It's the marketplace -- not agents, not sellers and not buyers -- that determines property values. The price a willing buyer and a willing seller agree upon is the market value of a particular property. A realty agent can help you, the buyer, negotiate a fair price on the condo you want to buy. Without the aid of an agent, you may pay too much. The agent also handles the 1001 other sale details, such as arranging financing and the closing settlement. As a buyer, the agent's services cost you nothing extra.
DEAR BOB: I read that federal savings associations can now make new types of mortgage loans, such as variable interest rate mortages, graduated mortgages and reverse annuity mortgages. From the borrower's viewpoint, are these new finance methods good or bad?Fred T, Alexandria.
DEAR FRED: Some are good, some are bad. The graduated payment mortgage is good for borrowers. Payments start out small, at the interest-only level, and gradually rise as the borrower's income increases.
Reverse annuity mortgages, mainly for retired people who want to borrow on their home equity to provide monthly income for living costs, are good too. But there are dome problems to work out, so don't expect these mortgages to become widely available very soon.
Variable interest rate mortgages are bad for borrowers, good for lenders. The drawback is that the interest rate can go up or down, depending upon the lender's cost of funds. Unless inflation suddenly stops, lender's costs for funds will continue to go up. That means the lender can raise the interest rate, but the borrower gets to added benefit. Try to avoid such loans if possible. The old fixed interest rate mortgage is a better bargain.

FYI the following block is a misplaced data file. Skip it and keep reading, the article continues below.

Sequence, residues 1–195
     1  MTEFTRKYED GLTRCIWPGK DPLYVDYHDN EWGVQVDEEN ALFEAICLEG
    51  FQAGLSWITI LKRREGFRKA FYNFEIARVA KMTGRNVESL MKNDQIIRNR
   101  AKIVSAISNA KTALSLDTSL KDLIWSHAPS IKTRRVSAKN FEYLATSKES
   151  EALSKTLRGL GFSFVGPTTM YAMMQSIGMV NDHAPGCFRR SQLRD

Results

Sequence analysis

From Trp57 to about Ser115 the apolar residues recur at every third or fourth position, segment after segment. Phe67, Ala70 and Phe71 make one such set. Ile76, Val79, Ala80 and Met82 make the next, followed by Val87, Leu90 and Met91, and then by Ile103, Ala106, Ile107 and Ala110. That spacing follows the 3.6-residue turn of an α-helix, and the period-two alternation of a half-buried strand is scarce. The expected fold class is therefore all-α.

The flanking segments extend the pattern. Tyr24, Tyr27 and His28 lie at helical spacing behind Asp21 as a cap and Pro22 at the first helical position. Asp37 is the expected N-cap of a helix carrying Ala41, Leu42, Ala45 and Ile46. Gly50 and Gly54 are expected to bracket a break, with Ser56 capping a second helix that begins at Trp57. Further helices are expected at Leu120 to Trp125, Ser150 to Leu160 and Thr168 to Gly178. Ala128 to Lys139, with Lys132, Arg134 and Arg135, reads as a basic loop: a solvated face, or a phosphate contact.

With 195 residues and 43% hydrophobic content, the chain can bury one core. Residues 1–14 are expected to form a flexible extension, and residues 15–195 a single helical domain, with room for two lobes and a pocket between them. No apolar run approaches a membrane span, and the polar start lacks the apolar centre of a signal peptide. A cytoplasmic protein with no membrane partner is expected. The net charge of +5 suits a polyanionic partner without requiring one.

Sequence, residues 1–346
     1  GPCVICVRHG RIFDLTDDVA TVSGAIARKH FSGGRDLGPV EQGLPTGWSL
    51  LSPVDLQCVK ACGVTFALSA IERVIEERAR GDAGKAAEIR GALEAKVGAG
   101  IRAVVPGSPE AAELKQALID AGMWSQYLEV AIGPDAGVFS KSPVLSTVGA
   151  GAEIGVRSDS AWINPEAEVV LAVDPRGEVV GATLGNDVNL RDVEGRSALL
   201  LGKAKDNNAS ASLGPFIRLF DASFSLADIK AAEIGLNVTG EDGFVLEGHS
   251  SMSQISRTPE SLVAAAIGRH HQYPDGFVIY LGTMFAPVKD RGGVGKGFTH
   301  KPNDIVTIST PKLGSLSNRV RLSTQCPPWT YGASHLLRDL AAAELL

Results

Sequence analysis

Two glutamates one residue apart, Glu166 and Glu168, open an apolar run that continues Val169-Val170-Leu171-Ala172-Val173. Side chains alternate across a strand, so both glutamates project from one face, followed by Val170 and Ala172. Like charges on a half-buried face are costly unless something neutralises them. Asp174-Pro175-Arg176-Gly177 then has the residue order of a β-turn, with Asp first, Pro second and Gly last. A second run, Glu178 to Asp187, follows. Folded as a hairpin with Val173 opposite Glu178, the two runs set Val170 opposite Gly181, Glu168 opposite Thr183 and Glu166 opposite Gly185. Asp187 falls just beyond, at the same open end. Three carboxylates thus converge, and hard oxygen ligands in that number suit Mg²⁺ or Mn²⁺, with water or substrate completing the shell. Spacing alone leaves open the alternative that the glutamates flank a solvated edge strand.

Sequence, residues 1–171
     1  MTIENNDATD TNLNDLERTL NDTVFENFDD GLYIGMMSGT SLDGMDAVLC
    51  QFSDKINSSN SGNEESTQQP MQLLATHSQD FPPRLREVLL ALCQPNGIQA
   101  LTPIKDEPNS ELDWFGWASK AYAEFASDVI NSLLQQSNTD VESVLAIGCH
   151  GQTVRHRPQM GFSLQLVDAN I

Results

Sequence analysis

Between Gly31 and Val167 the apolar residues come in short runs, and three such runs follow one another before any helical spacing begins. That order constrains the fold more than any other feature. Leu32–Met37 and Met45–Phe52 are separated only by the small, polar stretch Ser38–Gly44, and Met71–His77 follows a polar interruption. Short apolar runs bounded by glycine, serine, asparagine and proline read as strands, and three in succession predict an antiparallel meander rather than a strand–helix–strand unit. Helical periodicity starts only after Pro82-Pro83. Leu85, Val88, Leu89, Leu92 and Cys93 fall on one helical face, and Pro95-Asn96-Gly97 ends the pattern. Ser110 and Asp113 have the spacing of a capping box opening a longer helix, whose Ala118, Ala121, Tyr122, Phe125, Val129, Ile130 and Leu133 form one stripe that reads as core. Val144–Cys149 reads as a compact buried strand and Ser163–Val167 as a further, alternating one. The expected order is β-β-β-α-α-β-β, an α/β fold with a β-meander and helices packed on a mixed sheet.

DEAR BOB: Is it true that the 10 percent investment tax credit is now available for buying older commercial buildings? John G., Bethesda.
DEAR JOHN: The 1978 Tax Act extended the 10 percent investment taxcredit to the cost of improvements made to commercial and industrial buildings that haven't been remodeled for at least 20 years. The tax credit does not apply to the purchase price, just to the capital improvement costs.The purpose is to encourage renovation of older, urban commercial buildings.
DEAR BOB: In 1977 we sold 14 investment properties in preparation for moving to our retirement home in Arizona. The IRS says our profits should be taxed as ordinary income instead of as capital gains. Is this reasonable? Kevin T., McLean.
DEAR KEVIN: No. People who sell many properties in one year are often taxed as "real estate dealers" at ordinary tax rates. But there is an exception for liquidations of realty holdings. Hire a good tax attorney to represent you. It appears that you are entitled to capital gains tax rates on your sale profits since you are an investor, not a realty dealer.
DEAR BOB: Thanks for your explanation of that new "over 55 rule" $100,000 home sale tax exemption. But what if the house's title is in the name of a spouse who isn't yet 55? When my husband was very sick in 1970, we put the house in my name alone. I am now 52 and he is 56. If we sell, can we qualify for that exemption? Shirley McV., Fairfax.
DEAR SHIRLEY: No. To qualify the title must be in the name of at least one spouse who is over 55. Ask your tax adviser for more details.
Readers desiring the report, "How to Sell Your Home With or Without an Agent," should send 25 cents plus a STAMPED self-addressed envelope to Robert J. Bruss, P.O. Box 6710, San Francisco, Calif. 94101.